From Vulnerability to Vigilance: Cultivating Psychological Resilience Against Misinformation and Conspiracy Beliefs

special issue on AI and social disparity

Edited by John F. Dovidio (Yale University) & Jonas R. Kunst (University of Oslo)

(Go directly to abstract submission form)

In our globally interconnected era, misinformation and conspiracy theories have become an omnipresent force, with profound societal ramifications. Their adverse effects ripple through communities, influencing decision-making, behaviors, and shaping the contours of public discourse – often in ways that create or exacerbate social and political polarization. The societal importance of misinformation and conspiracy theories cannot be overstated, given their capacity to skew perceptions, incite divisive sentiments, and challenge the very fabric of informed democracies.

While a burgeoning body of psychological research has adeptly illuminated the myriad factors heightening susceptibility to misinformation and conspiracy theories, there remains a crucial knowledge gap: understanding how to foster resilience against this pervasive tide. As the quest for solutions intensifies, so have controversies and debates surrounding the efficacy of current intervention strategies. These discussions underscore the importance of advancing our collective knowledge and refining our methodologies.

From Vulnerability to Vigilance” seeks to bridge this gap, providing fresh, insightful empirical and theoretical perspectives into the cultivation of resilience against misinformation and conspiracy theories. This special issue is committed to a multi-faceted exploration, including individual-level processes, group dynamics, contextual influences (including the parameters of social media platforms or other relevant areas), and broader social and political forces.

We venture beyond the mere identification of vulnerabilities and delve into actionable strategies, informed interventions, and innovative approaches to fortify the mind against misinformation and conspiracy theories. Contributions to this special issue can adopt a range of perspectives on the topic, including focusing on basic processes involving susceptibility or resistance to misinformation and conspiracy beliefs; relevant social, personality, or ideological factors; or intervention research that applies existing theory to counteract the impact of misinformation on individuals and groups. By embracing a comprehensive approach, this special issue aspires to be a beacon for scholars, policymakers, educators, and the general public in our collective endeavor to transition from vulnerability to vigilance.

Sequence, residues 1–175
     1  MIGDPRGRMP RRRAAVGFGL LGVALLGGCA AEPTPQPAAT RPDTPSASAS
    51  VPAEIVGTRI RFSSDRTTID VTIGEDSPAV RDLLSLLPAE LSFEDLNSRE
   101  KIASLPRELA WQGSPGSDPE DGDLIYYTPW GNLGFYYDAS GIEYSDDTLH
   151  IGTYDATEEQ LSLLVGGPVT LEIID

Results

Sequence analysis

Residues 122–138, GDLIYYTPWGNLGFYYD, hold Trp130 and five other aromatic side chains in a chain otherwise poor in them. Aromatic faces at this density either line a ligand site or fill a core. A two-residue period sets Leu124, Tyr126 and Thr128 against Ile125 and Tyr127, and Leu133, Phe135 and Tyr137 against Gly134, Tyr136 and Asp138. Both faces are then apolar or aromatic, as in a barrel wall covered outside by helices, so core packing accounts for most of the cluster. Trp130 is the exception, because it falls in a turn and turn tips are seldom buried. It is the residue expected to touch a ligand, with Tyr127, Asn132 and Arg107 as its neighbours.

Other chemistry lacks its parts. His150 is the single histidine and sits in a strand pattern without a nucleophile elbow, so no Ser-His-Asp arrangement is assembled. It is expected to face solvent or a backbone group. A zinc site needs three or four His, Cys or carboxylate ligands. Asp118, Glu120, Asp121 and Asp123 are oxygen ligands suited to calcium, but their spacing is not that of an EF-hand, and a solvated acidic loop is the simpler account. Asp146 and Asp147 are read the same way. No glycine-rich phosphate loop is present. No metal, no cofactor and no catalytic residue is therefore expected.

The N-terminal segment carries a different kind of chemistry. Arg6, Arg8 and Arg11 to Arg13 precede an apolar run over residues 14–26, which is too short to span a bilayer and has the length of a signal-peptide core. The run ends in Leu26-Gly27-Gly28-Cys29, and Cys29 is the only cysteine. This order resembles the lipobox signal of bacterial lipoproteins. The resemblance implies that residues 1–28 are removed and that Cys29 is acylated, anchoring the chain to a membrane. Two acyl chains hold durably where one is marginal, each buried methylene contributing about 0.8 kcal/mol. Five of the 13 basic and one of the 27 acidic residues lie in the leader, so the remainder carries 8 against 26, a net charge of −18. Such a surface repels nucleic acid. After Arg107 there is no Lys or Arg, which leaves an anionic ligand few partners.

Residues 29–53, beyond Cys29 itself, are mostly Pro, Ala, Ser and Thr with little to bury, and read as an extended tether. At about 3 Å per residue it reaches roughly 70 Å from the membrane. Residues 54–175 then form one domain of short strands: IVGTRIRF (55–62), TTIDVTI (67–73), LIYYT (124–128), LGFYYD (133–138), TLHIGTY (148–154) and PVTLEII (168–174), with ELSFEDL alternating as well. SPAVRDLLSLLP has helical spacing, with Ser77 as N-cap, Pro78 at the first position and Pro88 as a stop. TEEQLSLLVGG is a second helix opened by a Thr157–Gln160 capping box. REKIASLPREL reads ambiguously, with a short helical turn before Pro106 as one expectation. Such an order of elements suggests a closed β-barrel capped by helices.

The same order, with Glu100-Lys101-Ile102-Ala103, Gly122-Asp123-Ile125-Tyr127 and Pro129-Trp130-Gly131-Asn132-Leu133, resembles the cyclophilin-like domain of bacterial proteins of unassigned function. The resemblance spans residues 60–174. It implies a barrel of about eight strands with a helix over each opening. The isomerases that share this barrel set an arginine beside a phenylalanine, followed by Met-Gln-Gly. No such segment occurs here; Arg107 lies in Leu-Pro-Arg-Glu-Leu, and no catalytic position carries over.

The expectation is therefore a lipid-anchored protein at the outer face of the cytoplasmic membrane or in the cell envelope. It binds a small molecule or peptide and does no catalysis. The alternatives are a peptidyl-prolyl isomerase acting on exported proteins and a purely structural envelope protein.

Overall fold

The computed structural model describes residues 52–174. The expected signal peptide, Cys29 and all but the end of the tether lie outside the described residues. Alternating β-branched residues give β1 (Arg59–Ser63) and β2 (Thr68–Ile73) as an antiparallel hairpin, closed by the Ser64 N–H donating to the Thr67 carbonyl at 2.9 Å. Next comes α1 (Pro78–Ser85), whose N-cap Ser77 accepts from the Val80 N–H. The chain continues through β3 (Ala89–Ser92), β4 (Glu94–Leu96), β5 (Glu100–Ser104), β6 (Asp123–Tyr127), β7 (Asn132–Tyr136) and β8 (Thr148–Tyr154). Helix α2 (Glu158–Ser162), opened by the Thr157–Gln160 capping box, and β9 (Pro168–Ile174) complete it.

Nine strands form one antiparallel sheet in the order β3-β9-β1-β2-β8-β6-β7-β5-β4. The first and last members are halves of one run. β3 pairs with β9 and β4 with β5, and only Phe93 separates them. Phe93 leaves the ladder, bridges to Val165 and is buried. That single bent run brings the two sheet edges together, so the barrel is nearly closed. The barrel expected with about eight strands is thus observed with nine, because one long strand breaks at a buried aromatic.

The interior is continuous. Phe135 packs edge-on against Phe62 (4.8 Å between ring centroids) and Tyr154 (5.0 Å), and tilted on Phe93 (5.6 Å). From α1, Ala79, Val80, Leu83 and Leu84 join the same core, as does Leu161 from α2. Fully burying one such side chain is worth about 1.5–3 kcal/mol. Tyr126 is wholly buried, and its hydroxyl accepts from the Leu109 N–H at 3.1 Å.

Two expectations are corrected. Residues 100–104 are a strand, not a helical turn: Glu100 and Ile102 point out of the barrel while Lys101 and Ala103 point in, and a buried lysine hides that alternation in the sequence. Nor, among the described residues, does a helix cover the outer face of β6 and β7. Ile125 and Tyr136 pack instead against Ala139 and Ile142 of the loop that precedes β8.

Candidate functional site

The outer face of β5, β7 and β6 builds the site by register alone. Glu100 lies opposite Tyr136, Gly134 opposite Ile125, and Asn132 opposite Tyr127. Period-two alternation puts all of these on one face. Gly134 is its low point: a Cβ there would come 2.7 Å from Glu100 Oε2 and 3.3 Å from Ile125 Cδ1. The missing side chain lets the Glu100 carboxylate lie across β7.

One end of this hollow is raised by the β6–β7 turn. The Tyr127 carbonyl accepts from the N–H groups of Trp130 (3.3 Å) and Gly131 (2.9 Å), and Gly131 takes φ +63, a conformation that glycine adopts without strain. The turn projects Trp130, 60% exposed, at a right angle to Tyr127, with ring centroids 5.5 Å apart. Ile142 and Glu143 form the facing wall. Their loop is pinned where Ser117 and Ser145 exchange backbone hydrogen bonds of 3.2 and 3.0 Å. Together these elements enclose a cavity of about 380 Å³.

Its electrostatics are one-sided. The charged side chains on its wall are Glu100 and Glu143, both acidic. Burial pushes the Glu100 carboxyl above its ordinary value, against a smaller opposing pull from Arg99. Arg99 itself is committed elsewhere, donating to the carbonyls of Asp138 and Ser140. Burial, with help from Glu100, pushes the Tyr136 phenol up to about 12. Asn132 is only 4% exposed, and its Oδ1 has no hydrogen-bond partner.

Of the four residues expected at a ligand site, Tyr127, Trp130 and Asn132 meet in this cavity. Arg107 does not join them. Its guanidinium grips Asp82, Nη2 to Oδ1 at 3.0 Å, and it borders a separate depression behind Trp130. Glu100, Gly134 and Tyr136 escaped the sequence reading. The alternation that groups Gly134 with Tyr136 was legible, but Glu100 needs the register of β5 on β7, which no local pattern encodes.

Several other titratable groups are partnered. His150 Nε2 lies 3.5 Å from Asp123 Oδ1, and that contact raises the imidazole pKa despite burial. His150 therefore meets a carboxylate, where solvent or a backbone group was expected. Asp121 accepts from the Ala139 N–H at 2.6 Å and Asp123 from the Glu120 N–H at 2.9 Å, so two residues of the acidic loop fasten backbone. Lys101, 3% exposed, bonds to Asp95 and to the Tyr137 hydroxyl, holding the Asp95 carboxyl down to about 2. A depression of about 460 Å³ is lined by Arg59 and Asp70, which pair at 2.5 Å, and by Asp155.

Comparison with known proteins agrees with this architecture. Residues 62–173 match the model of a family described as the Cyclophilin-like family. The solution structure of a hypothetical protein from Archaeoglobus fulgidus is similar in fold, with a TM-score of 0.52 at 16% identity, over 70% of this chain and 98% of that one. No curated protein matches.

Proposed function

Example of Relevant Topics

We cordially invite papers that address, but are not limited to, the following topics:

  • Cognition and Social Cognition: Basic processes relevant to reducing susceptibility to misinformation and conspiracy theories.
  • Cognitive inoculation: Empirical approaches to immunizing the mind against misinformation and conspiracy theories.
  • Group dynamics: How collective processes shape resilience.
  • Social and political divides: How to overcome intergroup suspicions to produce resistance to misinformation and conspiracy theories.
  • Digital literacy and critical thinking: Twin pillars of resistance against deceptive narratives?
  • Prebunking: Proactive approaches to disarming misinformation before it takes hold.
  • Neurological underpinnings: Brain responses to interventions fostering resilience.
  • The role of emotions: Emotional intelligence as a buffer against the appeal of misinformation and conspiracy theories.
  • Contextual drivers: How societal, political, and cultural contexts influence the resilience of groups and individuals.
  • Educational strategies: Pedagogical methods for enhancing critical analysis in the age of information overload.
  • Systemic social media interventions.

We are inviting original research articles, reviews, and perspectives that delve into these and other pertinent topics. All submissions will undergo a rigorous and fair, transparent and double-blind peer-review process, where reviewers are compensated financially for their work.


Interested authors are invited to submit a preliminary title, author list, and an abstract of up to 200 words via the form below. The deadline for abstract submission is December 31, 2023 (note that you can submit earlier as we consider abstracts on a rolling basis).

Selected authors will be invited to submit a full paper for consideration in, with the final deadline being April 30, 2024. Accepted papers will be published online on a rolling basis.

This special issue offers an exceptional opportunity to contribute to an increasingly significant field of study. Your insights will help unravel the complexities of building resilience against misinformation and conspiracy theories, guiding more informed strategies and interventions in societal discourse and education. We look forward to your contributions.

Submission Instructions

To submit your abstract, please fill out the form below.

We look forward to your submissions and collaborating with you to publish groundbreaking perspectives in this emerging field of broad importance. In case of questions, do not hesitate to contact us at

Abstract Submission